In current corporate history, ethics have either been taken for granted or discovered to be missing. As we've all seen these mammoth stories played out in the media, the second has been more widespread. Ethics infringement have emerged in a congregation of industries few had paid much attention to, until now. This paper will review three ethical predicaments and what should be done in order to build moral equivalence in the workplace.
A customer wants a refund and the company policy is "no refunds." No matter how unfair the employee believes this to be, the employee should newer verbally agree with the customer; this shows distrust in the corporation the employee is working for. The employee should simply explain to the customer that it is company policy. If the customer becomes irate, the employee should offer to the customer to speak with the manager. After the situation has resolved itself, no matter the outcome, the employee could write a proposal to change the company policy and prove to the employer that if refunds were allowed it would actually draw in more business.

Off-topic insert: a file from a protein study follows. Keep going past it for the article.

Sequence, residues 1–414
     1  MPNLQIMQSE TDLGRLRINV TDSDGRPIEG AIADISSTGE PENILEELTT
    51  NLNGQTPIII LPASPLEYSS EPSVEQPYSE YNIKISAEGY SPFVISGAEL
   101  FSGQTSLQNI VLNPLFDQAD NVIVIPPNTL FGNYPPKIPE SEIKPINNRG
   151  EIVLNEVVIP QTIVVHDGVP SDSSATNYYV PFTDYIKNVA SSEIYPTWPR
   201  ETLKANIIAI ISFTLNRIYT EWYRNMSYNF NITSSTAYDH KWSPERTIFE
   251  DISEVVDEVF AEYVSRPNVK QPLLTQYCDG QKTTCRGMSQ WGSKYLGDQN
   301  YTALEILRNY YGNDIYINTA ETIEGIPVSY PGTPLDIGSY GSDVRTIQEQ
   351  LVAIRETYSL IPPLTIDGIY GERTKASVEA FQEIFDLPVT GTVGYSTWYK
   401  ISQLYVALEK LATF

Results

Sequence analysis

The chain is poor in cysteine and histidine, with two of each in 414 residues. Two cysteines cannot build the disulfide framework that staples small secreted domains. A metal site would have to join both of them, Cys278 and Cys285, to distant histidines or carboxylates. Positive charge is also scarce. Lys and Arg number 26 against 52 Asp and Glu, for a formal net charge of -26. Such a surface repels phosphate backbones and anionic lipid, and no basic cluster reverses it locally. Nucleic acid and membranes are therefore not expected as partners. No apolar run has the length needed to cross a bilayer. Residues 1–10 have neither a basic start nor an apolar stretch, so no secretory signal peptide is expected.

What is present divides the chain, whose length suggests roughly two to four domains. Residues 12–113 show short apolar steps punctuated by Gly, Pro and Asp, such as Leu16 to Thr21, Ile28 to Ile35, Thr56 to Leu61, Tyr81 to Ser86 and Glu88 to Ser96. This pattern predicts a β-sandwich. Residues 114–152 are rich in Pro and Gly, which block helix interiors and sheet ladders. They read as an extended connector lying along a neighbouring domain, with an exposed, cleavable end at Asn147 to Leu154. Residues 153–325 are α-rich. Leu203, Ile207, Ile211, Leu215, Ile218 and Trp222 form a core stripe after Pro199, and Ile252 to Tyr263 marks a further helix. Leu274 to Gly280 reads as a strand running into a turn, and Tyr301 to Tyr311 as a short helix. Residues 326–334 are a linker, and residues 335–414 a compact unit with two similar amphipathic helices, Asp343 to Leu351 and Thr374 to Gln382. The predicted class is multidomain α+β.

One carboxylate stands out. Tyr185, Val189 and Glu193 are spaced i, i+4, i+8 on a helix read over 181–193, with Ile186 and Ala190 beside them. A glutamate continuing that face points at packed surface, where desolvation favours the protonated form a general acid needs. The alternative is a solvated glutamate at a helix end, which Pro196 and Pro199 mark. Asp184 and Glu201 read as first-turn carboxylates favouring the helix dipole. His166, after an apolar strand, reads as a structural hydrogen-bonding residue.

If the public knew a company would not allow them to return merchandise because they were dissatisfied, then the public would not return to that company. Nevertheless, if the business is unwilling to alter its policy, then the employee should either learn to live with the employer's decision or simply find another job that is more congruent to his or her ethical standards.
A co-worker is being harassed and is afraid to say something to his or her superiors. A fellow employee should first encourage the co-worker to speak out and defend him or herself. If the person is still unwilling, then someone should step forward, no matter what the consequences, for that person. "Harassment is unacceptable...